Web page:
I was very excited to receive Scouts of the Apocalypse: Zombie Plague by Michell Plested because I have come to enjoy some zombie books, my husREVIEW:
I was very excited to receive Scouts of the Apocalypse: Zombie Plague by Michell Plested because I have come to enjoy some zombie books, my husband and I are scout leaders, and my son is a Boy Scout after 4.5 years of Cub Scouts. We are a scouting family and I appreciate a book related to something we love to spend our family time together participating in.
First off, as a graphic designer and illustrator with major interest in book cover design, I cringe when I look at the cover. It truly hurts me to see a good book look so unprofessional because of cover art and typography. If the book had not been about scouts I would never have read it, and definitely would not buy it because sadly an unprofessional looking cover many times also means unprofessional writing. I was pleasantly surprised about the writing though.
The actual story was far better than I expected based on the cover. I enjoyed the fact that someone put so much time into a story that honors the dedication of volunteers and scouts. I liked the basic idea of the boys camping, but then coming back to the disaster of a zombie infested real world. After some campo its with our own scouts I can see how that might play out. I also love that the story began as campfire stories told by a leader. I know some boys that would love that. I did find it different that they didn't see more indication of disaster - zombies as they traveled along the way back into civilization. I enjoyed the story, loved the references to real scouting principles, and I love that there is no vulgarity, etc. The book is perfectly acceptable for my son and his scout friends to read.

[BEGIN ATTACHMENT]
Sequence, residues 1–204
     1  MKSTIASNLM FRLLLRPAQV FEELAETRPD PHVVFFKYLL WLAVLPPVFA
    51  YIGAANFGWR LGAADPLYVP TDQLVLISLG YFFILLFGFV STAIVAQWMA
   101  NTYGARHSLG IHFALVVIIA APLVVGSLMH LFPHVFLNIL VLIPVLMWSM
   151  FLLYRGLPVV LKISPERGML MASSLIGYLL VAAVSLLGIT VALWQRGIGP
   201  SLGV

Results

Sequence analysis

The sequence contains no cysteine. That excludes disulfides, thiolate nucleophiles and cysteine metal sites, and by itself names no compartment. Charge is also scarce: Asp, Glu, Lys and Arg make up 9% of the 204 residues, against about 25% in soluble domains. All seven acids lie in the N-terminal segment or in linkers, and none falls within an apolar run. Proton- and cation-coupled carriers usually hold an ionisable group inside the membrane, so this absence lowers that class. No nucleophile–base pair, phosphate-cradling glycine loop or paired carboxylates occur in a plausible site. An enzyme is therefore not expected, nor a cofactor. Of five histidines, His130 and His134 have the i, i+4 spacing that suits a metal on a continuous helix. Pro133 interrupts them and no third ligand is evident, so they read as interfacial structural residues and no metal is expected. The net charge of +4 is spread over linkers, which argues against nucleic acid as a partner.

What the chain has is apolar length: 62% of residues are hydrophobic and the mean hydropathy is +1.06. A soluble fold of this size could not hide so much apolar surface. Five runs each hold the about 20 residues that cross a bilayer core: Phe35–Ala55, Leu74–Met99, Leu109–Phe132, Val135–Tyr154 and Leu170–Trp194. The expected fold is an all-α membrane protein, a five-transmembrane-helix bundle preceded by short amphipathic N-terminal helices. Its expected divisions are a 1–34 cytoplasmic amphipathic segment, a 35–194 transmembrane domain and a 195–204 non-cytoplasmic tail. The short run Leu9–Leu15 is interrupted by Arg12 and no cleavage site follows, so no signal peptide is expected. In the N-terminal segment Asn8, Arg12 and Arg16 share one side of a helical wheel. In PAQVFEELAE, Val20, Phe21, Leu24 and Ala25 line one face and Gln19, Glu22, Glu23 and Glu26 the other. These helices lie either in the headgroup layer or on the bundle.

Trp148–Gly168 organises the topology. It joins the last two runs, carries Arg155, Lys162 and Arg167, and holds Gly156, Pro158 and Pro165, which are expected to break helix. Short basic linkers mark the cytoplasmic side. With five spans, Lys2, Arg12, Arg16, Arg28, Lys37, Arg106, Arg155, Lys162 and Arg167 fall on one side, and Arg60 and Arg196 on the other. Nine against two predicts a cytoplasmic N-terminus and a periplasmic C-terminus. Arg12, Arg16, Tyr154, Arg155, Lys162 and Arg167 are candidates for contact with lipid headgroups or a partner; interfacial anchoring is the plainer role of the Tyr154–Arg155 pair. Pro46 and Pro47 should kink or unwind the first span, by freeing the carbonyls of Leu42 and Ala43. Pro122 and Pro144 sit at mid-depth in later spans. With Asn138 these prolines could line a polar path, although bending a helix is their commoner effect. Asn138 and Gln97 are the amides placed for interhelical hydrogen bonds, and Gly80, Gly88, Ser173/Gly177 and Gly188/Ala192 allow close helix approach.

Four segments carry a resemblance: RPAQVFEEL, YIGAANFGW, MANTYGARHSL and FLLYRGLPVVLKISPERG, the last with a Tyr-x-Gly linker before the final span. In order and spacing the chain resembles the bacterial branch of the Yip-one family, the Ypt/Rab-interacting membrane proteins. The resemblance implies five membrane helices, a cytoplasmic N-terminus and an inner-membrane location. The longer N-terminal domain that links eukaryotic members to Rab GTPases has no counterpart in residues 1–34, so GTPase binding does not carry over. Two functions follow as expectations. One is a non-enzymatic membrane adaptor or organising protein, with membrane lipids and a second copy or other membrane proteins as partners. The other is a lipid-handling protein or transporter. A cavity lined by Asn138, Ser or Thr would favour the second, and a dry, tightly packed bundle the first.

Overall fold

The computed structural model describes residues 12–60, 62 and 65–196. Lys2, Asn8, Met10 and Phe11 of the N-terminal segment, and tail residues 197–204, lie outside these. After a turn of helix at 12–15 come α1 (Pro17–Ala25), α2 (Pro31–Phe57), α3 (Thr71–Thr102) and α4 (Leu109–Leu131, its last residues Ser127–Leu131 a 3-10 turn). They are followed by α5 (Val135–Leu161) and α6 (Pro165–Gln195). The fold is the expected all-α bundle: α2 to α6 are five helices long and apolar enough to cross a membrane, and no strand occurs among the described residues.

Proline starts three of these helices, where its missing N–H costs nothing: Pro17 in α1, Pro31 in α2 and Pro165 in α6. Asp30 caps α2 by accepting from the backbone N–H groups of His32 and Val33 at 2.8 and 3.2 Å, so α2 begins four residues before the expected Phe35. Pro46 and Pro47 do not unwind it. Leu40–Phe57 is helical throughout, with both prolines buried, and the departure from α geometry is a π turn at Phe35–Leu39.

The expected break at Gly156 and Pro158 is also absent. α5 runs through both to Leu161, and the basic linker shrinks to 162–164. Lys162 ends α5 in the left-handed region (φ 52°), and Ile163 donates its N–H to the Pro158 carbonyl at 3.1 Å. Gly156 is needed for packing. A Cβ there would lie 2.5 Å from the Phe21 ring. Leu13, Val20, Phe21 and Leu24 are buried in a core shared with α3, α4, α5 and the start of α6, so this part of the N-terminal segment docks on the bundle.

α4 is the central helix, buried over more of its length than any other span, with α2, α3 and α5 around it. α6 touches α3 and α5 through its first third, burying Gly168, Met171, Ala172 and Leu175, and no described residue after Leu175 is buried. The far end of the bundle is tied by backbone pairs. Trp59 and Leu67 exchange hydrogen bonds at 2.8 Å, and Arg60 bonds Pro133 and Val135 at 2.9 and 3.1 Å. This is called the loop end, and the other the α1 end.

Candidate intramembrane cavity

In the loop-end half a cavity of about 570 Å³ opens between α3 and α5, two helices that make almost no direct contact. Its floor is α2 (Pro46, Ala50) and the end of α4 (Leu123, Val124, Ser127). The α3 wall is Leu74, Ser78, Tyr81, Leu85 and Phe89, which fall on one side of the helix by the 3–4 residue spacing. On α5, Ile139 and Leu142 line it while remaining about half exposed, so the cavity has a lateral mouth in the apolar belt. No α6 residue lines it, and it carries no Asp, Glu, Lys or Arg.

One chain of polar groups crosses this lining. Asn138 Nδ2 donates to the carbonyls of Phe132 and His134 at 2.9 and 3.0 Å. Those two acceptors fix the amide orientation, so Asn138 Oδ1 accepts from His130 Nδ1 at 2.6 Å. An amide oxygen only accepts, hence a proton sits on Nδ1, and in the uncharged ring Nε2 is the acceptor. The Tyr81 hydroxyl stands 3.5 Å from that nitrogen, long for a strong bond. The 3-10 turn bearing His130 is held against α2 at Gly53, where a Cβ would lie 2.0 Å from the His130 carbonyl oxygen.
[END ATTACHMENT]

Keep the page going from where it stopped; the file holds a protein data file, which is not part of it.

To me the story ended a little awkwardly, and all volunteer names starting with "scouter" got too repetitive, but I agree with the need to possibly address the boys as "scout" so the reader knows whether it is an adult or a scout who is being addressed. That is a bit repetitive too though ... I don't know about that, but it's definitely something to think about.
Great job of coming up with a story that is interesting for both adults and children. I think with a little help this book could really make a splash with the scouting community. Please get help with that cover. I passed up the book several times because of it as many others will. Books really are initially judged by their cover.
I received Scouts of the Apocalypse: Zombie Plague by Michell Plested free of charge, in order to provide an honest review.
Being a Scout is more than just helping old ladies cross the road. Scouts have a responsibility to their communities and the greater world around them. Part of that responsibility is training and being prepared for disasters. When a Scout troop comes home from a weekend of survival training in the deep woods, they find that nothing about the world they left is the same. Shambling hordes of undead wander the countryside killing anything that lives. Can the Scouts survive the trip home and is there even a home to return to? It will take all of their training and smarts to overcome this disaster. ...more